The most common questions asked during the Service-Oriented Discovery phase are usually: What does service discovery entail? Where should we start? How should a service be discovered? What is the process of service identification? Do the ascertained services meet business or technological requirements? These questions, and others, underscore the mounting recognition that ad hoc or opportunistic approaches to identifying and establishing services for a small project or a large development initiative are not always satisfactory. The term "opportunistic" refers to the sporadic flow of ideas that arise during meetings, conference calls, or design sessions to propose solutions to an organizational concern. Despite this unmanaged solution proposition method services can still be ascertained during the development life cycle. However, the lack of a systematic approach to discovering services may not be in line with business or technical imperatives.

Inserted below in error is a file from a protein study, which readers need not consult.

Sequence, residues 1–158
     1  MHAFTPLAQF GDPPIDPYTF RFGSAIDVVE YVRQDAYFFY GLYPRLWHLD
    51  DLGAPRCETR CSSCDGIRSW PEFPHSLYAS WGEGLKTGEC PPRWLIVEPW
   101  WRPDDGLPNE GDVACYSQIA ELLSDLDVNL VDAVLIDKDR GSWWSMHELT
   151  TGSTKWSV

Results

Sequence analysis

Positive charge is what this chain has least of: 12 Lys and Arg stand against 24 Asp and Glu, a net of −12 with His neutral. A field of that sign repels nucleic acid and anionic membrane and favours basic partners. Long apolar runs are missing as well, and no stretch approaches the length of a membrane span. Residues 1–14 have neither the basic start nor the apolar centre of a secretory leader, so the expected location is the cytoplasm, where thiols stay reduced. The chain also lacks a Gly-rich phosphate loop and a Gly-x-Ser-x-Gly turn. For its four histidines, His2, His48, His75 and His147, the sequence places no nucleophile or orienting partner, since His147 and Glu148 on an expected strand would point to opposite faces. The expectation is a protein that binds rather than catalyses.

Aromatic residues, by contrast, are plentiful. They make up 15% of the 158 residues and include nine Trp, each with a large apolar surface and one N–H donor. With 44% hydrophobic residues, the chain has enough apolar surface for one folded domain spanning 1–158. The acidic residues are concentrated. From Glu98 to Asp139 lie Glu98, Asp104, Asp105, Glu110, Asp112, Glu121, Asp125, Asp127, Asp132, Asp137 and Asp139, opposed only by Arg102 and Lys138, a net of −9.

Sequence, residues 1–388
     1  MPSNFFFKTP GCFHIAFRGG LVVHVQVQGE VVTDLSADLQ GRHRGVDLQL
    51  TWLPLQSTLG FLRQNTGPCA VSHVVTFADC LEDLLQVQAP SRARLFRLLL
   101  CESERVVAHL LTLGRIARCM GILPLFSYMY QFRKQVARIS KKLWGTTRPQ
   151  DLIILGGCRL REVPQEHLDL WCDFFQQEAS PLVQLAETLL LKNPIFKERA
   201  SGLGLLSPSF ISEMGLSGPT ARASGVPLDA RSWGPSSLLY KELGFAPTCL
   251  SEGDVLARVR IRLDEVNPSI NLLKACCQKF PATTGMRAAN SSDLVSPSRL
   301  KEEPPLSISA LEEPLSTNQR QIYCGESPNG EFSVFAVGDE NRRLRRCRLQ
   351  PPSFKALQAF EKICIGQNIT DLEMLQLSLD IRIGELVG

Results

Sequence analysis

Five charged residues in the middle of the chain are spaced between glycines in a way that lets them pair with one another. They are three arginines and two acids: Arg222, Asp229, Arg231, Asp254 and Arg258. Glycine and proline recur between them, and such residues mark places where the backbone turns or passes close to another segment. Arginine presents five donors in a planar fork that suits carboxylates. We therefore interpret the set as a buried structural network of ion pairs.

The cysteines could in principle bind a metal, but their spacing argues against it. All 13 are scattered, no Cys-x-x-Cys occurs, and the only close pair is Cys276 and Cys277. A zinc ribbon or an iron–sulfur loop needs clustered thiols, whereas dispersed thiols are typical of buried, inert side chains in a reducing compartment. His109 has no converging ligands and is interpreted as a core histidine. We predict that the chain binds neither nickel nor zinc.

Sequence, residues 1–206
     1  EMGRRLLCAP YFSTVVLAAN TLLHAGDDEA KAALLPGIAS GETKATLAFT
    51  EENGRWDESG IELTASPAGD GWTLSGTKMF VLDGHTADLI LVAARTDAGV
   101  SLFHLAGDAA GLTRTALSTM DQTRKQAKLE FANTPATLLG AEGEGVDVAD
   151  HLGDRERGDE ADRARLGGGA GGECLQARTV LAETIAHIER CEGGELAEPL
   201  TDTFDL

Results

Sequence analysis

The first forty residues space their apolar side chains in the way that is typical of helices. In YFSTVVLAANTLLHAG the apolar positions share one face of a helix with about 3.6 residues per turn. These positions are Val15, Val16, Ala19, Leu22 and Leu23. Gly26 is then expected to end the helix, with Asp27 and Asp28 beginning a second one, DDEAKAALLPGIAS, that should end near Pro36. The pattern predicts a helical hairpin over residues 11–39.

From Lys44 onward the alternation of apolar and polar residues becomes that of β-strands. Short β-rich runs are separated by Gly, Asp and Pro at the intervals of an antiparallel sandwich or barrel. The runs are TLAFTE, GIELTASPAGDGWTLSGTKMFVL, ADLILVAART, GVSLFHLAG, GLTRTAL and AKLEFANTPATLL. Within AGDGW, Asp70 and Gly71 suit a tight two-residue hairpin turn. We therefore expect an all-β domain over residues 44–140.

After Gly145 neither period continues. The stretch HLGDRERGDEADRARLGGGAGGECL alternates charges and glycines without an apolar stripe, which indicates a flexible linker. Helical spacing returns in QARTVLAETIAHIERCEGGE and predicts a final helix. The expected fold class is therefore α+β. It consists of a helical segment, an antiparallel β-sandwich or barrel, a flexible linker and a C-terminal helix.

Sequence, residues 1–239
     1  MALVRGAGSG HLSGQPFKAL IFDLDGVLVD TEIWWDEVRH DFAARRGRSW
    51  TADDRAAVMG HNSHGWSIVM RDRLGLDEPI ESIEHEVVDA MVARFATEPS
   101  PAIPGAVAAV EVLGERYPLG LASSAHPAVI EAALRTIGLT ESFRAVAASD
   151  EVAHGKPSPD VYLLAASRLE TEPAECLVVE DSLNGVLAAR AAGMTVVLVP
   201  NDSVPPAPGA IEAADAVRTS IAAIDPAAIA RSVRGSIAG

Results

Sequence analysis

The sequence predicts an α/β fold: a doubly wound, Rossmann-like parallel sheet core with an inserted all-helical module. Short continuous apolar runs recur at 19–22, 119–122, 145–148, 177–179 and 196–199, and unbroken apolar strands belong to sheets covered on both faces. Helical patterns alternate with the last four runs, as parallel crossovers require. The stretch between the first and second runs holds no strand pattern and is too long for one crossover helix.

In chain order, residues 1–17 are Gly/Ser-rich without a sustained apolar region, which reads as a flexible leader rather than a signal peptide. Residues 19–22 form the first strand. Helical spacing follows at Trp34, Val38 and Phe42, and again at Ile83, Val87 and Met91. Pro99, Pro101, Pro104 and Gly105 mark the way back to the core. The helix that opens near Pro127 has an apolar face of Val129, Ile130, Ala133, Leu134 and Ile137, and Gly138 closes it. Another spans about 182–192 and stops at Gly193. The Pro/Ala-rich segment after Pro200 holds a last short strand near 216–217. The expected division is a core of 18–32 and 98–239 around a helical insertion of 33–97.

The other concern that often occupies practitioners' minds is the lack of a comprehensive approach to discovering services. In other words, an unplanned service discovery venture that is not driven by a solid service identification strategy typically does not yield the right services for the project or characteristically does not satisfy the spectrum of the problem. Consider, for example, a development effort sponsored to create a Content Rendering Service for a news agency Web site. Unfortunately, ...

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